Senior Center honors veterans at annual luncheon
By J. Chambless
World War II veterans Al DiNorscia, 92, and Tilly D'Andrea, 93, give a thumbs-up during lunch at the Kennett Area Senior Center. (Photo by Chris Barber)
By Chris Barber
The mood was patriotic and respectful at the annual Kennett Area Senior Center Veterans Luncheon on Nov. 2.
Friends and senior center members paid tribute to several dozen veterans who had served and continue to serve their country during this tradition that has continued for more than a decade. The center celebrates it on a date that is on, or near, the anniversary of the end of World War I, which occurred on Nov. 11, 1918.
Program director Andrea Durynski is charged with running the event every year. She said she's always energized by the project, and she begins decorating and setting the agenda weeks ahead of time. This includes making trips up to the attic to bring down adornments to create the mood for the luncheon, setting out military displays, urging musician Hal DeHaven play the piano, inviting local veterans and obtaining speakers.
This year, the keynote speaker was U.S. Army E-4/Specialist William Todd, who is currently a student at West Chester University majoring in criminal justice. He served in the Desert Storm conflict, is active in the Student Veterans Center at the university, and has become widely known as a public speaker on veterans’ affairs.
In his talk, Todd stressed that the U.S. military does more than fight enemies abroad. The major thrust of their work, he said, is to make sure all Americans receive the promises and freedoms of the U.S. Constitution. He said defending “all” meant every race, religion and political position.
“The U.S. Constitution is what we are holding in place. We think of justice, and we have to enact those things,” he said. “In our country we fly one flag for all. That’s what this country is about. We have to be careful about giving up our freedoms. We take freedom of the press seriously.”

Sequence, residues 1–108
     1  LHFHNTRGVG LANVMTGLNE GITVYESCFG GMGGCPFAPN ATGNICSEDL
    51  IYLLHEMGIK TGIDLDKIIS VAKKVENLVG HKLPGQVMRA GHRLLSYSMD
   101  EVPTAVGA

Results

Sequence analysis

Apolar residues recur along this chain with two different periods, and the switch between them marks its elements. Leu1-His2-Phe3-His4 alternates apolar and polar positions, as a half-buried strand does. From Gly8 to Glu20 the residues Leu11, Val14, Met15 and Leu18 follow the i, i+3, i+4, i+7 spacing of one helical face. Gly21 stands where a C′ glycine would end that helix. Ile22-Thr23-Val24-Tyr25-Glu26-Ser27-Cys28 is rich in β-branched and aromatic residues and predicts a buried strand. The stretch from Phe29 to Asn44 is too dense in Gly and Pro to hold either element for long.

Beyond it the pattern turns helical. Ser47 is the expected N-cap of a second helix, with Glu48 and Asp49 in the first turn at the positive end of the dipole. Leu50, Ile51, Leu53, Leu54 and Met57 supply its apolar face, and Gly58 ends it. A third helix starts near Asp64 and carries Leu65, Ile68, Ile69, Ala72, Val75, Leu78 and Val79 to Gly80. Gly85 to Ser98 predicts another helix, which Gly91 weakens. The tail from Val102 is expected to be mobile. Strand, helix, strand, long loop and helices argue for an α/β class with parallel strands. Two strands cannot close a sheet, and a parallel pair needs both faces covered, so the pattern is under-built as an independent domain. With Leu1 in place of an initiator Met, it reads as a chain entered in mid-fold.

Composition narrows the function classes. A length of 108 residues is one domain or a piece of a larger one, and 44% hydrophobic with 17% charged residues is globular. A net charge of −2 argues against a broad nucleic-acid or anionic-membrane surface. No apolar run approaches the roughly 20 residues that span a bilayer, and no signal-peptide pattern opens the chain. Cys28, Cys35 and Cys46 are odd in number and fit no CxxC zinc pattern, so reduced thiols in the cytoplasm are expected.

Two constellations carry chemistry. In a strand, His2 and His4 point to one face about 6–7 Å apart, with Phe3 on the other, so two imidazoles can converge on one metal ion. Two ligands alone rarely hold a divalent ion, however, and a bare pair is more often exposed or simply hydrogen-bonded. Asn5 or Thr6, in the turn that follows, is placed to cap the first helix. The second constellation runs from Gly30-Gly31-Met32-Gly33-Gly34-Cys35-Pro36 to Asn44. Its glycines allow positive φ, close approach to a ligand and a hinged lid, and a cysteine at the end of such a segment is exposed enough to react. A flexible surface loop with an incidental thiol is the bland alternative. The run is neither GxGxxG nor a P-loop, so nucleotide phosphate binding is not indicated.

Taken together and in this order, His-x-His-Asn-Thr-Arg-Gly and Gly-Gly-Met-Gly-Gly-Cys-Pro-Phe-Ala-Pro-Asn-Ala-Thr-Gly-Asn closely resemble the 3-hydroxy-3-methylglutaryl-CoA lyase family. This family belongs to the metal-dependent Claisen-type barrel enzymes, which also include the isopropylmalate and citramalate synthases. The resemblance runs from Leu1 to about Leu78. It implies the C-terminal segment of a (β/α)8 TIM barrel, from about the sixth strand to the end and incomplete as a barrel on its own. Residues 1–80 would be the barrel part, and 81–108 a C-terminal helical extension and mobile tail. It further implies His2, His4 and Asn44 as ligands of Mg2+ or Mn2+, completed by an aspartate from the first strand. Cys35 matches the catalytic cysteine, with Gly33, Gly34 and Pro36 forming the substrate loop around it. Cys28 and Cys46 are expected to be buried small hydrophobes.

He referenced the role of the military in assuring that the black “Little Rock Nine” students gained admission to Central High School in 1957, as well as the military’s presence in admitting James Meredith to Ole Miss in 1962.
Todd is a native Philadelphian who grew up in poverty. He said that experience, and serving in the military, toughened him up to handle challenges in life.
Senior Center executive director Anita O’Connor greeted the more than 100 guests and said when she began at the center 14 years ago, the veterans honored were largely from World War II. Now, she said, she is pleased to have those from Korea, Vietnam, Afghanistan and Desert Storm.
“Our armed forces are always here to protect us. …We’ll keep having this event,” she said.
Two prominent World War II veterans, Al DiNorscia (92) and Tilly D’Andrea (93) were sitting together, eating and chatting with cohorts at the military table, following the ceremonial presentation of the Colors at the beginning.
State Rep. Stephen Barrar, of Upper Chichester, who chairs the Pennsylvania House of Representatives Military Affairs Committee, talked about the remains of 77 soldiers from Korea that were returned to the United States this past summer. “Think of the families who lost their brothers. Finally, they will have the answers,” he said.
Also visiting the luncheon were State Rep. Eric Roe, and State Sen. Tom Killion. The Avon Grove Charter School Jazz Band was on hand to play some popular numbers. They ended their program with a piece that includes songs for all the military branches. They asked that veterans of those branches rise when they heard their song.
Volunteers from the Chemours Company served the food and bussed the tables. They were given the time to provide community service by the company.
The master of ceremonies was funeral director Matt Grieco. A native of Kennett and graduate of Kennett High School and Pennsylvania State University, he was also a member of the university’s Blue Band. He played both the “Assembly” and “Taps” for the flag ceremonies of the day.